Welcome back! This week we continue deepening our understanding of Kotlin objects. Today, we begin by describing a feature of Kotlin objects called companion objects. But first, let's introduce one new piece of object syntax...
this is a keyword in Kotlin that you can use in your instance methods.
It always refers to the current instance that is executing the method.
is equivalent to this:
The example above is one use of
However, we'll usually just go the first route, and choose parameter names that don't conflict with our instance variable names.
This helps avoid mistakes.
However, there is one place where we do and will use
Let's go through it together:
Up until now the properties and methods that we've been establishing on our Kotlin objects are instance properties and methods. Meaning each instance of an class has its own:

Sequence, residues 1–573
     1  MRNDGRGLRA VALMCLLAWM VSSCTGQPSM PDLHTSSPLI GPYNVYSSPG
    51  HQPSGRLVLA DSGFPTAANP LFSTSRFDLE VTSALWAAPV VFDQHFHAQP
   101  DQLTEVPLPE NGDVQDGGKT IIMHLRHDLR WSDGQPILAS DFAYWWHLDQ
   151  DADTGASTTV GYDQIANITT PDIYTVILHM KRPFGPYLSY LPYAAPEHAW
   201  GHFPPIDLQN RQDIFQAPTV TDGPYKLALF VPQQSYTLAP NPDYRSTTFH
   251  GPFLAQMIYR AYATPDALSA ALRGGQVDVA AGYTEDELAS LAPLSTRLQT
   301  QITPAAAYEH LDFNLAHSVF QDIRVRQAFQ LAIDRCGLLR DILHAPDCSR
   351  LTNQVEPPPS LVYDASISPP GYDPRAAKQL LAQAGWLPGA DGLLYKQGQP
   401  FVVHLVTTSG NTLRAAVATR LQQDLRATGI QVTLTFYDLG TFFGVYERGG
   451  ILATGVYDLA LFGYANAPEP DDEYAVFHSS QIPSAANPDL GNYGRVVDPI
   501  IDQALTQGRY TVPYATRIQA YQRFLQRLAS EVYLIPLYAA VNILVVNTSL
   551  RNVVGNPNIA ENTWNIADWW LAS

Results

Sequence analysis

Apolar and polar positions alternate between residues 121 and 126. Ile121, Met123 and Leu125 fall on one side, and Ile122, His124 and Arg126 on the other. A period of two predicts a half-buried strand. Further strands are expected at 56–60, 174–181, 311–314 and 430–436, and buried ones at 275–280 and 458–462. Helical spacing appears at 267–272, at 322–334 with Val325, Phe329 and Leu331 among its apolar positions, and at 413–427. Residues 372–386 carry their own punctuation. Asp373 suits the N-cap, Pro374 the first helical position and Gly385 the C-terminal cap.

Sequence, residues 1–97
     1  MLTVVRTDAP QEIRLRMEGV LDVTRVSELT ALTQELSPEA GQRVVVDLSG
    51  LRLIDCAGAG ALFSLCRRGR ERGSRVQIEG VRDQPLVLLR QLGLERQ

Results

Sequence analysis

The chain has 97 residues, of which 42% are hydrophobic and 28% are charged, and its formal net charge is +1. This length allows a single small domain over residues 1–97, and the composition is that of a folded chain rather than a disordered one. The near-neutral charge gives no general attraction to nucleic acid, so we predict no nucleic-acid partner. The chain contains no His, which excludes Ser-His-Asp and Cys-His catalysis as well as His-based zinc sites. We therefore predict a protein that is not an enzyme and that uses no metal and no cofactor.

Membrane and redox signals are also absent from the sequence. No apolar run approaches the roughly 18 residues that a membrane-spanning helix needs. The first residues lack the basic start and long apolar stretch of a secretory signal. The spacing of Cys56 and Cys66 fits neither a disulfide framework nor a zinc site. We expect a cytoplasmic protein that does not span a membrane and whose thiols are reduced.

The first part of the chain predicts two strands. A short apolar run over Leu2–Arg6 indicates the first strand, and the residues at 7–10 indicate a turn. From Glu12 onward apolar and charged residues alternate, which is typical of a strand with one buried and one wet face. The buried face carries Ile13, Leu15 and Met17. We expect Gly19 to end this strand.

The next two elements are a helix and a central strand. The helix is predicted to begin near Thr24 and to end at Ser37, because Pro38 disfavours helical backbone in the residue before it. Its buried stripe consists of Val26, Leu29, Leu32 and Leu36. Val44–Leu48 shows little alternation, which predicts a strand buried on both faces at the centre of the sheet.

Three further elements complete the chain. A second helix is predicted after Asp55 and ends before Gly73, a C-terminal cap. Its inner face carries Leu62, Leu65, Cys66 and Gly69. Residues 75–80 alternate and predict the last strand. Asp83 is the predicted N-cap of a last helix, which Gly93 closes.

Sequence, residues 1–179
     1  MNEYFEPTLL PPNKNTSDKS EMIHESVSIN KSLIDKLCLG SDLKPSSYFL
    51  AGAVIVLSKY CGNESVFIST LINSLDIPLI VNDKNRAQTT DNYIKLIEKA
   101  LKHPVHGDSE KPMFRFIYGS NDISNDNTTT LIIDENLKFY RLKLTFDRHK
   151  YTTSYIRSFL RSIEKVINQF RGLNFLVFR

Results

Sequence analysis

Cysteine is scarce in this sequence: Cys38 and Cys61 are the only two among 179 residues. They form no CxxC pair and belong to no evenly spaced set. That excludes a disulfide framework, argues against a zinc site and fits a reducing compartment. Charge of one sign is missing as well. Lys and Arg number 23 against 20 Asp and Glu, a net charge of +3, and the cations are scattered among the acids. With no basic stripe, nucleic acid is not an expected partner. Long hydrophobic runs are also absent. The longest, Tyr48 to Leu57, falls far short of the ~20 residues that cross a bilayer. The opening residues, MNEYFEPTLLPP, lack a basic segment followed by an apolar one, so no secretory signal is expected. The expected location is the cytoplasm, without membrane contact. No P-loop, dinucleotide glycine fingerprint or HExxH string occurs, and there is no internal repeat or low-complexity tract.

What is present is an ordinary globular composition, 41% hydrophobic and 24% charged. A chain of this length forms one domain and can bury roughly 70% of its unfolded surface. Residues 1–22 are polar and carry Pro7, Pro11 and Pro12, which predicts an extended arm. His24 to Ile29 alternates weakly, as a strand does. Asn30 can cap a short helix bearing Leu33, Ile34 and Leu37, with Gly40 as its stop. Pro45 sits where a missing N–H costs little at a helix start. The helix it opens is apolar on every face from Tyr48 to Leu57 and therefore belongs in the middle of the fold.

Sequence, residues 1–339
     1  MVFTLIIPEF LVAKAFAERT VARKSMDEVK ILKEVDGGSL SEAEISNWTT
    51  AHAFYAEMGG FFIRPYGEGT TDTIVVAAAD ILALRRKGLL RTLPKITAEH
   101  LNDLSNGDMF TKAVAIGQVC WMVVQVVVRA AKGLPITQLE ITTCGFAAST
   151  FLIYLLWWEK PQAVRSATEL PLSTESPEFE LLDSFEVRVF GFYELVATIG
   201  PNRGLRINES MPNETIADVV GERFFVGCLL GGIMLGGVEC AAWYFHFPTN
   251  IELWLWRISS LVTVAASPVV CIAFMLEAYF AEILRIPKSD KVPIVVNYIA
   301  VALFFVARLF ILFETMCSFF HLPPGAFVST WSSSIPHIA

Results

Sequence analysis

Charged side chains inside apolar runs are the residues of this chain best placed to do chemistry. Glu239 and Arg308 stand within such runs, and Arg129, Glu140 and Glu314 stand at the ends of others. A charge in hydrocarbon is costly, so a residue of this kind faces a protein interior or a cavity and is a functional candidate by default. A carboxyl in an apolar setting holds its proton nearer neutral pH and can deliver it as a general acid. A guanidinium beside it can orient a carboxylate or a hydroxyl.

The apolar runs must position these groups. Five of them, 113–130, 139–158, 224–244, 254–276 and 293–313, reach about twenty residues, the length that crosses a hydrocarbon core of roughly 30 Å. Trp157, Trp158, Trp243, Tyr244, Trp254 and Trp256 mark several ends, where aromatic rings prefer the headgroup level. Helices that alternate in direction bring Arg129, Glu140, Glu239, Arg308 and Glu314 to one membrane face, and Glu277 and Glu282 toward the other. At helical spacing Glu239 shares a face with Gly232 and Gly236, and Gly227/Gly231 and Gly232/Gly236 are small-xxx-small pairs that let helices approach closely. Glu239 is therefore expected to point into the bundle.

Even though they share an implementation of
doubleName, instances each act like they have their own
However, Kotlin also allows us to create methods that are provided by the class and can be accessed without an instance. We do this using something called a companion object. Let's see how:
Companion object methods cannot access instance variables. Let's look at why, and the differences between class and instance methods:
In Kotlin, we can create methods that are not associated with any class, simply by declaring them outside a class body:
This works completely fine, and limits the degree to which we need to use companion objects. So if you have a method that doesn't need an instance, you can either declare it outside the class or in a companion object.
Companion objects can also declare fields, just like instances:
This can be a good place to put constant values, as shown above, particularly if, like a method, they really belong with the class that defines the companion object.
You can also define non-constant (i.e.,
var) properties on companion objects.
This is extremely rare, and very easy to get wrong.
So much so that we won't bother demonstrating how to do it!